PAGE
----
There a team hired to turn around or shut down the troubled, financially-hemorrhaging hospital put Studer in charge of an unprecedented featraise its 3 percent patient satisfaction to 75 percent in one year. He did. And the year after that satisfaction shot up to 94 percent.

Today, Studer preaches excellence as the head of Studer Group, a 123-employee firm that began with seven employees in 2000.

He has already begun preaching city success, passing around his six keys to a thriving community to friends for comment. He also talked about them in a recent speech in Pensacola to retired military officers.

"It's not all me," he says of his list for city excellence. "I've read a lot on economic development. I'm in cities across America all the time. I've collected some of these from other people. I believe you have to do all six."

Studer says he recruited the entire group of local retired military officers to promote and follow the six points.

"I ended by telling these officers, You've finished your tours of duty. But I ask you tonight to sign up for your next tour of duty,'" he recalls. "They all got up on their feet. That's what they want to do, too."

Those six main things the Pensacola area can do to improve the quality of life for all its citizens, according to Studer, range from economic development initiatives to consolidation efforts. They are:  

1) Identify current local employers that bring revenue inside the area from outside the area, such as the Florida Institute for Human and Machine Cognition, Silver Bullet Technology and others. Also, identify small entrepreneurs who have the potential to become big companies.

2) Create better work environments for employees, focusing on better leadership, wages and benefits.

3) Work on quality of life issues, including public safety, clean environment, education, and entertainment, including activities for families.

4) Establish a well-organized economic development effort involving city, county and state governments, the chambers of commerce, local economic development groups and businesses. Make sure it's ready to act quickly.

5) Consolidate government agencies, non-profit agencies, even businesses to become as efficient as possible.

6) Maximize what is good or the positives about the area. The communitywide effort includes everyone from citizens to top business executives.

Studer proposes creating an annual report card to measure how the Pensacola area does in each of the six areas.

"We shouldn't look at it as bad or good but as a way to see what we're doing well and look at what we can do better," he says. "I think transparency is key."

In the end, Studer hopes the Pensacola area shows the same type of gains as his special education students and troubled hospitals.

"How do we get better rather than making excuses?" Studer asks. "When I first came to town people would always say to me, Pensacola has so much potential.' Well, potential isn't any good if you don't use it."

Here, in his exclusive interview with the Independent News, Studer outlines and explains the six ways to a better Pensacola area in his own words:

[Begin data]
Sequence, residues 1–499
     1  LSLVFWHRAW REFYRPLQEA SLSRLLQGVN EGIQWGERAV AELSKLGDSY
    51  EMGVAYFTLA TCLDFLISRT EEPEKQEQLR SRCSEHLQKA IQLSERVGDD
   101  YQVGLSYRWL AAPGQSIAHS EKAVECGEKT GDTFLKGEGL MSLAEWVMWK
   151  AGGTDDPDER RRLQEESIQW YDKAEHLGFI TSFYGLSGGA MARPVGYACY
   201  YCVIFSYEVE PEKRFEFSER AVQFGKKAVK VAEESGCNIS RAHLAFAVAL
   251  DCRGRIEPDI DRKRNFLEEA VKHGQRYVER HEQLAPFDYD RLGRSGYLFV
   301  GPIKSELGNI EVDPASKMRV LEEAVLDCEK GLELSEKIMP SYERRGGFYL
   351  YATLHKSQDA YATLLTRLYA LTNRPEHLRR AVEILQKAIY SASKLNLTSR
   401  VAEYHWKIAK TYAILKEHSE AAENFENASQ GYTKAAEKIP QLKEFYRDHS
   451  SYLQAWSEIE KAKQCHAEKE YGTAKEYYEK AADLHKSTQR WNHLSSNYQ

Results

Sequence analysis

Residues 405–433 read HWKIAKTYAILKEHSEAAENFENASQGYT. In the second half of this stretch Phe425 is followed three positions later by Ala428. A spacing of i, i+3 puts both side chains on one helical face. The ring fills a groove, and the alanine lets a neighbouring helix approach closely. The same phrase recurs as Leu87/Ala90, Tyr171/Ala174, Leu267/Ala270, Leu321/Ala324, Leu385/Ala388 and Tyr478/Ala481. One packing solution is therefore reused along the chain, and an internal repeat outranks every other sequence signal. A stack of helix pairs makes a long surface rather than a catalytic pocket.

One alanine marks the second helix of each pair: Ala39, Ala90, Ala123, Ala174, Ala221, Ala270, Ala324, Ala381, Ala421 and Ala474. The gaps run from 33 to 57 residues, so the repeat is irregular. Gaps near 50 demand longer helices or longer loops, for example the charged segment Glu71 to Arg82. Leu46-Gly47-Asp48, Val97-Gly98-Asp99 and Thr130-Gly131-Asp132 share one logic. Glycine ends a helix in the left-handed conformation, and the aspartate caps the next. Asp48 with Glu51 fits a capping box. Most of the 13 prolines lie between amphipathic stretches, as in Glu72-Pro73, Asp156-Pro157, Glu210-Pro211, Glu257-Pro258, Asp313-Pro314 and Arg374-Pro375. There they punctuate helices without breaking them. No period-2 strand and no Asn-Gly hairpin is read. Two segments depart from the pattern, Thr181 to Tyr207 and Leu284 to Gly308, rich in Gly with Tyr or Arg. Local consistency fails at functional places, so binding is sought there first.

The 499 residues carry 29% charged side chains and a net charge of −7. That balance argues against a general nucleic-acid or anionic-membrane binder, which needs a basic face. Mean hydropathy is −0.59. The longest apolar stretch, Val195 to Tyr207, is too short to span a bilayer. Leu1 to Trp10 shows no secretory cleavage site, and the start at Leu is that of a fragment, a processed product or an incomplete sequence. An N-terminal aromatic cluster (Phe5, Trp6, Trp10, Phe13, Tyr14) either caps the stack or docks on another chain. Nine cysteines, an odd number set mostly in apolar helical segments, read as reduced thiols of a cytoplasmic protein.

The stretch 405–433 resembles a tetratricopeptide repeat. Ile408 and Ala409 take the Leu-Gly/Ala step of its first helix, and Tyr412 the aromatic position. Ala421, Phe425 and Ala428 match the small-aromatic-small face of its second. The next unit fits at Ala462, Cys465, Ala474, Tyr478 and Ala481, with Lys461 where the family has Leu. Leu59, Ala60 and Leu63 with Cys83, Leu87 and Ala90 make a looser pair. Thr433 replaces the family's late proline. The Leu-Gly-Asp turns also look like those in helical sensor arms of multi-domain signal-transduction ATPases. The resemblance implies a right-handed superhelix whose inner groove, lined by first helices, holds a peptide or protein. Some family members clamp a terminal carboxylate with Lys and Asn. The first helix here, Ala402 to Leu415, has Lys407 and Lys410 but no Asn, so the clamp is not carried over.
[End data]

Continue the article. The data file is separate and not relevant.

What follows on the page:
1. STUDER ON IDENTIFYING TOP EMPLOYERS AND UP-AND-COMING SMALL BUSINESSES:
"The Gallup Organization looks at cities making economic improvements. They found those cities have very focused efforts on identifying current employers, particularly those bringing revenue inside the area. They strongly try to keep those employers because you can bet other cities are talking to them. Those cities also identify small entrepreneurs who have the potential to become big companies. They make sure they're helping them grow. We've made some pretty good progress on No. 1."

2. STUDER ON CREATING BETTER BUSINESS LEADERS, WAGES AND BENEFITS:
"Creating better work environments for our employees means three things: leadership, wages and benefits. The main reason people give for leaving their jobs is, I don't like my boss.' If you don't like your boss here, that doesn't mean moving to the company across the street. It means moving to Gainesville, Tallahassee or Mobile. We're made up of a lot of small businesses. What if we gave people in leadership positions the training they needed in today's business environment? Why can't Pensacola create a system to train leaders to be great supervisors? The low wages and benefits here are two things that really bother me. The MSAs (Metropolitan Statistical Areas) that grew the most had the best wages and benefits. Charleston, S.C., had the biggest growth and it has the highest average wage. They attract employers because they have talent there. Here, people say it's a good thing that you don't have to pay employees as much as other places. Well, that's wrong. Studer Group has 123 employees with an average salary of $115,000, which includes incentives and bonuses. I'd like to see a billboard that says, Come to Pensacola where we have great places to work, great leaders, great wages and great benefits.' That's the type of billboard that would get people to pull over and stop."

3. STUDER ON QUALITY OF LIFE ISSUES:
"People have to feel like they're safe to go around and drive downtown. With tourists, safety is a huge issue. And people want the place to be clean. You have to have clean streets, a clean environment and clean air. Third is education, which I believe is one of our real strengths. We have the Pensacola High School International Baccalaureate program and George Stone Vocational-Tech Center, a junior college, a Christian college and a four-year university with post-graduate studies. That's huge. Gallup shows cities with four-year universities outperform those that don't have them. The Escambia County School District is doing well. They understand where they are and how to get better. (Superintendent) Jim Paul has his team poised to do that. Finally, you have to have entertainment, including family outlets. People want to go places that they don't have to drive hours to get to. For families you need parks and recreation. Entertainment is critical for young people to stay."